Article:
Kenneth Atkinson was much, much more than just a football fan, of course. He was at various times a National Service soldier, a fine and well-loved teacher, a wonderful gardener, a DIY God, a Bing Crosby and Gracie Fields fan who was also much addicted to military and brass band music – and of course he was a son, a brother, a father and a grandfather. He was never happier than when he was in his garden or his garage, pottering about and making things beautiful. Those last three words would be a fine epitaph for anyone, I feel.

He was a Tory too, my Dad – but that wasn’t his fault. He’d caught it off his Ma and it came down a long line of impecunious smallholders, so I never held it against him. It gave us something else to argue about when the football was just too depressing for words. He liked to display the remnants of his language skills, as well, having won prizes for them in the early forties at the Kings School, Pontefract. I once went for a job at a frozen foods head office, and he left me a note, mixed French and Latin: “Courage, mon brave, à bas les peurs. Bonne chance. Per ardua ad Fish Fingers!” His was a unique and not completely accessible sense of humour. As he got older, he’d laugh helplessly at any jokes we told him – but in years gone by, only his own witticisms really tickled him. Then, when he’d said something he thought incredibly funny, he’d sit there, tears rolling down his cheeks, throbbing with silent, painful mirth until we were all in tucks just at the sight of him. It makes me smile now, just to think of it.

As Dad got older, the Alzheimer’s condition took an ever firmer grip on him. And yet, quite late in his life, he was active and nimble of mind. He loved to tell and write about his early memories of Pontefract, his home for all the 87 years of his life, and the place from which he set off on his travels to all four corners of the earth. I published on here a piece he wrote about his childhood in Old Church in Ponte, and this shows he had a tale or two to tell – and told them well. Really, the first thing that convinced me he was losing his grip on reality was an increasing sympathy for Man U and “Fergie”, as he referred to a man I can never bring myself to acknowledge. But that probably says more about my extreme prejudice than it does about my Dad’s state of mind.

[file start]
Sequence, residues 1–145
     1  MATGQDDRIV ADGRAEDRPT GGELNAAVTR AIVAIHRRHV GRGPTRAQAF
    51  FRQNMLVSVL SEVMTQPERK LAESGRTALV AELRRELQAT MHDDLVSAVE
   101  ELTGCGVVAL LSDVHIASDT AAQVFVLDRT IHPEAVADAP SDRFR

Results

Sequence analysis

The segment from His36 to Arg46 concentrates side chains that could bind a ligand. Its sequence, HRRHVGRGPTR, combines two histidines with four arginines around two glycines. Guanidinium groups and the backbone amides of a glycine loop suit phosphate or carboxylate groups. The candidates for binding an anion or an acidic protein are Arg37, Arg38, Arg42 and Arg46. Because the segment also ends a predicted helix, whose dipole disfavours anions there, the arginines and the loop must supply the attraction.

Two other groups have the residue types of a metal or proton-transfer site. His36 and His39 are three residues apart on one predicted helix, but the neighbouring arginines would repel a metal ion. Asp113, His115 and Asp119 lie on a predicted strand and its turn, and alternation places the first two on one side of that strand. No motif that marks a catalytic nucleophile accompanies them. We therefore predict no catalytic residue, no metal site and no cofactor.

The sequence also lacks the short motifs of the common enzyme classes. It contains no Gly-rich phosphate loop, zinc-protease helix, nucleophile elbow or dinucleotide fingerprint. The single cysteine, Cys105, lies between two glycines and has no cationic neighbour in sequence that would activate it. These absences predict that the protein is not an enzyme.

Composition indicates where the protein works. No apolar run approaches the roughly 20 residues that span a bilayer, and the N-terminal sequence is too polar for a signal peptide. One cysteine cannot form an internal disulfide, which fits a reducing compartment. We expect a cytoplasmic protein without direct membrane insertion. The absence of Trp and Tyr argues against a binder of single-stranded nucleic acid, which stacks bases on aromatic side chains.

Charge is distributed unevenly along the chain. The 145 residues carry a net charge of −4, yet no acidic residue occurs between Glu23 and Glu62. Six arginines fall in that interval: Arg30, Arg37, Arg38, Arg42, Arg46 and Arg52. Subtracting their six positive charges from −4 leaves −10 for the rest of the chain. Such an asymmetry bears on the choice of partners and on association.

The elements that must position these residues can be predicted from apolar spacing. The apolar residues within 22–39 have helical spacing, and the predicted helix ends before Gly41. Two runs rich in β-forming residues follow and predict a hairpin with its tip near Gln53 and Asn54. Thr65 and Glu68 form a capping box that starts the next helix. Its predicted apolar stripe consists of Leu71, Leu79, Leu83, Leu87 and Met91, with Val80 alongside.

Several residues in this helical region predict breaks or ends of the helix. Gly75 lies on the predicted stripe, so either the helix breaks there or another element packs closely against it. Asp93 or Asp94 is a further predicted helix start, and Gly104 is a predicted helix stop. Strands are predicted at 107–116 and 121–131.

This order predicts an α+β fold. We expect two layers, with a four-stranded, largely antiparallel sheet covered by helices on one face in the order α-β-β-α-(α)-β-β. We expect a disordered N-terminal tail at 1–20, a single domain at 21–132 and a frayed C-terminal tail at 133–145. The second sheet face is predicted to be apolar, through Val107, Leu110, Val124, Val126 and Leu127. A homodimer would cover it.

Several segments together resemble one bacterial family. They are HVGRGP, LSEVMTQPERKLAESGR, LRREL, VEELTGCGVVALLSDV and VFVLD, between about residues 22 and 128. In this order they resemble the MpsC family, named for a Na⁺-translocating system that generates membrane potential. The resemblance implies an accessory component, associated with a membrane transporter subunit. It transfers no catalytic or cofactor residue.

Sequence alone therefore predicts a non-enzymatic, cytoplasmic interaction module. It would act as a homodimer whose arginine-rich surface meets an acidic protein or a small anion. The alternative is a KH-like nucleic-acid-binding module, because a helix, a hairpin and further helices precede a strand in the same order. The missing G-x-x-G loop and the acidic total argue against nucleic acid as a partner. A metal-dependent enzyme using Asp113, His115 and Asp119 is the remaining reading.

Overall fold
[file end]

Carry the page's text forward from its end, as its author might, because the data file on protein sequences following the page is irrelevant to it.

I’ve never been very good at goodbyes, but this one has been coming for a while. I’ll remember him for the things he loved – the football, the garden, his immaculate tool shed. And the people, too – his wife, my Mum, who he was crazy about for well over fifty years, his parents when they were around, we three lads, his brother and sisters, two of whom went before him, and of course his three grandchildren. I was always proud that his only grand-daughter – my daughter Kate – was born on his 66th birthday; surely the best present he ever got. I’ll leave the actual goodbye to a quote from her, earlier today:

When I think of being little, I always think of sitting with my Grandad in his beautiful garden. I can’t imagine my next birthday, because it’ll be the first in my life that isn’t his birthday too. I’ll miss his huge hands and I’ll miss his terrible French and I’ll miss his stories about teaching and travelling. Goodbye Grandad. I love you forever, and I hope you’re back in your garden now.

As someone who always raised his own flowers, I’m sure he’d not wish them now. But if anyone is moved to make a small donation to the Alzheimer’s Society, then that would be a blessing and very much appreciated.

RIP, Dad. I hope Leeds can do the decent thing and wallop Watford for you. Say hi to Don and Billy and Gary and John Charles for me, won’t you.

And last of all – à bientôt, Papa xx

Guest blogspot: Memories of Old Church in Pontefract 1929 – 39 by Ken Atkinson